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Re: SEM: "natural" entailments

From: Ian Horrocks <horrocks@cs.man.ac.uk>
Date: Sun, 8 Sep 2002 22:50:02 +0100
Message-ID: <15739.50698.575482.796046@merlin.oaklands.net>
To: pat hayes <phayes@ai.uwf.edu>
Cc: Jeremy Carroll <jjc@hplb.hpl.hp.com>, www-webont-wg@w3.org

On September 6, pat hayes writes:
> >
> >I don't see any a priori reason why set theoretic truths have any 
> >greater need to be included in Owl than arithmetic truths.
> >  Both set thery and arithmetic are really somebody else's concern.
> >
> >
> >Jeremy
> One of the things that is so misleading about the entire 
> description-logic way of thinking is that it treats some *logical* 
> truths as set-theoretical truths. Look, to infer
> John is a student and John is an employee .
> from
> John is a student.
> John is an employee .
> is a *logical* matter. It has to do with the meaning of 'and'. It has 
> nothing to do with sets or classes or any of this paraphanalia. But 
> in the warped world of description logics, to assert a simple 
> conjunction requires us to invent a conjunctive class (an 
> intersection) and say that John is in it.  The reason for this 
> intellectual warping goes back to an influential, but I think 
> perverse, publication by Ron Brachman about 20 years ago, which 
> invented the distinction between two 'kinds' of reasoning: that to do 
> with meanings, which is supposed to be done in one place (the 
> 'A-box') and the other to do with facts, supposed to be done 
> elsewhere (the 'T-box'). The same kind of distinction is sometimes 
> expressed by the distinction between 'data' (mere facts, assertions 
> which are true) and 'meta-data' (schemas; things that 'define the 
> meanings' of the terms used in the facts.)  None of these 
> distinctions make any logical sense or have even the slightest basis 
> in semantics: they are pragmatic distinctions invented to facilitate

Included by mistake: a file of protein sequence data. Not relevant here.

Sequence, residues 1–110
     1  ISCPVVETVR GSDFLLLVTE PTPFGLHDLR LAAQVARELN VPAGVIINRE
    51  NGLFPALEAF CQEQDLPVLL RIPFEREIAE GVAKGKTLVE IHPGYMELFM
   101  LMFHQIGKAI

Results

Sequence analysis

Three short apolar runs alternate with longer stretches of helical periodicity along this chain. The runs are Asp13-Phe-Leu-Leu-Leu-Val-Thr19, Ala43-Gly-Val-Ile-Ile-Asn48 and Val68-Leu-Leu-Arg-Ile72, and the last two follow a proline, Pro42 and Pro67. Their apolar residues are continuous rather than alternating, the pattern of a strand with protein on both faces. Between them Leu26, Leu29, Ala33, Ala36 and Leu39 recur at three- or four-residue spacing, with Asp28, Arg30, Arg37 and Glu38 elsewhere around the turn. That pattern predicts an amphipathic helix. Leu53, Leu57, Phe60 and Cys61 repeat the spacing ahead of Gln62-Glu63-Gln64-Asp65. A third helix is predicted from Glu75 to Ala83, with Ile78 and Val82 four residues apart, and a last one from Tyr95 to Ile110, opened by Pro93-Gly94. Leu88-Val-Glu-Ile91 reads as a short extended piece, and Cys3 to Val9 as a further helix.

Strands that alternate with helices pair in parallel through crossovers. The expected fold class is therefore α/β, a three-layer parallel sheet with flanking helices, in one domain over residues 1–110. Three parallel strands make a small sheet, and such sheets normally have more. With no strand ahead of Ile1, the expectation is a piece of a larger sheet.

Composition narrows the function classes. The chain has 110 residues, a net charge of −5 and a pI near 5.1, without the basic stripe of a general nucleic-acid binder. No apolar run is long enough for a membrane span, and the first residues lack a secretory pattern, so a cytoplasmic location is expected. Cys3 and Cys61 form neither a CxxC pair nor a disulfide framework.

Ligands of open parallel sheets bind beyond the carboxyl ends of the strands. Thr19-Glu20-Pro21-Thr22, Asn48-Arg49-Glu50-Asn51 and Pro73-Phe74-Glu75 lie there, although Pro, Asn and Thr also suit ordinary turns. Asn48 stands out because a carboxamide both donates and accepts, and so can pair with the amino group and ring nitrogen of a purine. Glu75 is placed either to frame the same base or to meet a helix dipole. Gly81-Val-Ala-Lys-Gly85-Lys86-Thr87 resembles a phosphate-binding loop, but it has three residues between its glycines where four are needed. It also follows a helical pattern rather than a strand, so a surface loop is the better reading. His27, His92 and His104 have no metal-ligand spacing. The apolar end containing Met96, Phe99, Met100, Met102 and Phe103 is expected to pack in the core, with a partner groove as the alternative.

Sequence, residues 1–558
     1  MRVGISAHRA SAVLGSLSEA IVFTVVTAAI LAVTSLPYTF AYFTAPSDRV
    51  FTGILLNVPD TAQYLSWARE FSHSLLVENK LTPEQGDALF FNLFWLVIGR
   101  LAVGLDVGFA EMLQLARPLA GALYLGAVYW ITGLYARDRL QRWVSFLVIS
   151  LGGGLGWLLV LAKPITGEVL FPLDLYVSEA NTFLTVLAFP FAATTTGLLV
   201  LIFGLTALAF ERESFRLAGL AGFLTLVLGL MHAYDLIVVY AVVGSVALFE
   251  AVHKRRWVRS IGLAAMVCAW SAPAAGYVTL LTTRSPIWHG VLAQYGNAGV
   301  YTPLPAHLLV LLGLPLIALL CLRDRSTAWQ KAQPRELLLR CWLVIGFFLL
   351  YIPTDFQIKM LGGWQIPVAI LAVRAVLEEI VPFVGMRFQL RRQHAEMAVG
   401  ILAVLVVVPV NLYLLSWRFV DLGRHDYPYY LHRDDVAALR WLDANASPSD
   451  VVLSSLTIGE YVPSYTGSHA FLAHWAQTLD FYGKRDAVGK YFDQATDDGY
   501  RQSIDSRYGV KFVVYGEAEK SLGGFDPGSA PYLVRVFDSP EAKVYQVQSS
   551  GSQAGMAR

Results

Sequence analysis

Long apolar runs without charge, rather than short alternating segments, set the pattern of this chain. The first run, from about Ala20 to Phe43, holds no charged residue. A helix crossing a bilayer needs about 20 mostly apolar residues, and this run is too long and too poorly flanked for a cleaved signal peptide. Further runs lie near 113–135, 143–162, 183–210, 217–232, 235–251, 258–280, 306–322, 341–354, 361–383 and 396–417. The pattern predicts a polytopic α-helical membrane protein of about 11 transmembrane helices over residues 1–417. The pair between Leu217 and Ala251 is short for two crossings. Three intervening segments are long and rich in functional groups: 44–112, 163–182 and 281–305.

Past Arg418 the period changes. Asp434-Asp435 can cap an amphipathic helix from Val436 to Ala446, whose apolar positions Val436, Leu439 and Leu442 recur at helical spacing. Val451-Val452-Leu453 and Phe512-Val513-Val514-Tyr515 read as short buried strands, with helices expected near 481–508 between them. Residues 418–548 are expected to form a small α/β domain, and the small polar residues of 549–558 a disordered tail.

> effective use of database technology with simple reasoners. By using 
> them as the basis for the *semantic* framework of the semantic web we 
> are making the entire future of the Web hostage to the intellectual 
> apparatus of a technology designed for the efficient use of 
> regularized, commercial databases, not to the emergent world of a 
> social semantic web.  We should be focussing on the issues that will 
> matter, not on how to transfer old technology into a world where it 
> is probably going to be largely irrelevant.


I know that we can all get a bit overheated sometimes (at least I know
that I can), but I think that it is a bit unfair to take it out on
poor Ron Brachman. One of Ron's main contributions was to point out
that KR languages are pretty useless unless they have a clear and
unambiguous semantics - which is one of the few things that the WG
seems to be in unanimous agreement about.

I should also correct a few factual errors. In modern DLs, if Tbox and
Abox are talked about at all, it is only as a sometimes convenient way
to group different kinds of axiom (by the way, in this context the
Tbox is concerned with "meanings" and the Abox with "facts"). No
"logical" distinction is made between different types of axiom, and
implemented reasoners for expressive DLs treat them in a completely
uniform manner. In languages as expressive as OWL, the distinction is
even more blurred as individuals can be used in class descriptions.

Having said all that, I believe that in some applications it can still
be conceptually useful to separate ontologies (which roughly
correspond to a Tboxes) from assertions that use terms from those
ontologies, e.g., in semantic annotations (which roughly correspond to
an Aboxes).

Finally, I would like to point out (again) that DLs are nothing more
than decidable subsets of FOL with useful computational
properties. So, in as much as FOL is an old technology, yes, DLs are
an old technology (and proud of it).

Regards, Ian

> Pat
> -- 
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Received on Sunday, 8 September 2002 20:22:17 UTC

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